• Design-Ben & Jerry’s realize the importance of creating packaging that will reduce negative impacts on the environment. In 2009, they began using a certified paperboard for the entire stock of U.S. pint containers that comes from a forest managed for the protection of wildlife. Moreover, the boxes used for Ben & Jerry’s ice cream bars are made from 100% post consumer recycled paperboard. (Developing safe and environmentally sound practices)


  • Production– In the Vermont manufacturing plants, Ben & Jerry’s has invested heavily in energy-efficient technology. This includes cooling systems, lighting, water and waste management systems. (minimizing waste of resources)


  • Destruction– Ben & Jerry’s sends dairy waste from the Vermont plants to two of the farms that supply them with fresh dairy ingredients. The waste is put into methane digesters along with other farm waste where it produces energy to power the farm. (Reduce environmental liabilities)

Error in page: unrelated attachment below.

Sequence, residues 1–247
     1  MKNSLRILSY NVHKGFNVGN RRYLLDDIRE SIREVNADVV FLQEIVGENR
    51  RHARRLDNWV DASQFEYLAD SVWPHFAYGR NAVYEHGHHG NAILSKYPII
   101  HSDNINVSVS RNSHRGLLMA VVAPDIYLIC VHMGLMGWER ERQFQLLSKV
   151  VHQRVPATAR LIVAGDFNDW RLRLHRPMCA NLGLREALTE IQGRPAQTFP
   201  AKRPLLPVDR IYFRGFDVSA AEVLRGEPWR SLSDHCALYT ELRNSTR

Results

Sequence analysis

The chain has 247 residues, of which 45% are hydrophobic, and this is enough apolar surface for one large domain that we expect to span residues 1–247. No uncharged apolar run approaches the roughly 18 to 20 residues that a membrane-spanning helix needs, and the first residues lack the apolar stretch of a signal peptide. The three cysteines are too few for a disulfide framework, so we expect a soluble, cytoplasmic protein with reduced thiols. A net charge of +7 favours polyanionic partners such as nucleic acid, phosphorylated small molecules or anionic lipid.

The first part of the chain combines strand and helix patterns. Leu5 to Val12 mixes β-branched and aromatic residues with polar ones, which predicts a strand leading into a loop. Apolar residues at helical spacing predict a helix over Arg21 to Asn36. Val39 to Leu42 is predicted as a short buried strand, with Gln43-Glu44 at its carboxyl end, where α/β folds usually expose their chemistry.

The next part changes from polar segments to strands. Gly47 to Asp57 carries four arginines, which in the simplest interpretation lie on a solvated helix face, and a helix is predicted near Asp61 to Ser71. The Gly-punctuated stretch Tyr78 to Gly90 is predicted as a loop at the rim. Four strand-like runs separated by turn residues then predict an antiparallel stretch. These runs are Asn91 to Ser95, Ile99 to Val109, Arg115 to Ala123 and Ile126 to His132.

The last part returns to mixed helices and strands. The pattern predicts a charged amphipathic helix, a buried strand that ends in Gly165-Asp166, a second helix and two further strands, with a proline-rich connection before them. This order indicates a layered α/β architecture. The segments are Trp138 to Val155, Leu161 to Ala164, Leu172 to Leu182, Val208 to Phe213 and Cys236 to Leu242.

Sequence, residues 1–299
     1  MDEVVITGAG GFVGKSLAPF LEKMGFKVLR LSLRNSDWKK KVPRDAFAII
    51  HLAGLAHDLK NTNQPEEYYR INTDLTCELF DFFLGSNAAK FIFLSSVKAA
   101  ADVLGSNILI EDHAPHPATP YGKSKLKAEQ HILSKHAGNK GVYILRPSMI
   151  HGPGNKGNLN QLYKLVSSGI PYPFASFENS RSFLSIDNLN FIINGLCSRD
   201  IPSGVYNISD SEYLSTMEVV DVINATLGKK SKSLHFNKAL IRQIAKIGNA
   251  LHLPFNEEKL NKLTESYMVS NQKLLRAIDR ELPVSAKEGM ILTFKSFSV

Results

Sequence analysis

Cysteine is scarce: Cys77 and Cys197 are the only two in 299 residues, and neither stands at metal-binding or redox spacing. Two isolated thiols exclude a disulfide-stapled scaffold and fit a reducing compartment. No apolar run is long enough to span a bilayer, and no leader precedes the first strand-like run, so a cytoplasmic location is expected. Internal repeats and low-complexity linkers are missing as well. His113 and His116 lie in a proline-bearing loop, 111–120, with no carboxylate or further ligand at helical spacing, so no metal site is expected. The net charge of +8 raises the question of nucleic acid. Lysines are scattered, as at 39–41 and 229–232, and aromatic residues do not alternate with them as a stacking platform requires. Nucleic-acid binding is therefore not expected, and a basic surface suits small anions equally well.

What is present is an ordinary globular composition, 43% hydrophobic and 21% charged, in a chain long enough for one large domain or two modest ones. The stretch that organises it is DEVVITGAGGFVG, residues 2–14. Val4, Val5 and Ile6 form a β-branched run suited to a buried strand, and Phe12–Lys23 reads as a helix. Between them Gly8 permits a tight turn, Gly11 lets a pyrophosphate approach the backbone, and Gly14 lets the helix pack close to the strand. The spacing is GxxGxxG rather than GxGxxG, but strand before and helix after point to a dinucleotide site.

Social Responsibility

Here are some ways Ben & Jerry’s focuses on ethics, the environment and social responsibility:

Ben & Jerry’s has always been focused on the communities in which they serve. In the UK, they have a bus that travels through the streets during festivals selling ice cream. The profits gained are used to support charitable causes in the local community such as “Childline” and “Trees for Cities”.

The company offered stock options to its hometown of Vermont where it began when it decided to expand into other cities. Ben & Jerry’s wanted the community who supported its beginning to be the first to benefit from its success.

Ben & Jerry’s uses certified humane cage-free eggs in their ice cream products in Europe. In the US, Ben & Jerry’s ice cream products are 99% cage-free. The existing 1% is in the novelty ice cream bars sold in the US and Asia.

What are some things your employer has done to become environmentally friendly with respect to design, production and destruction?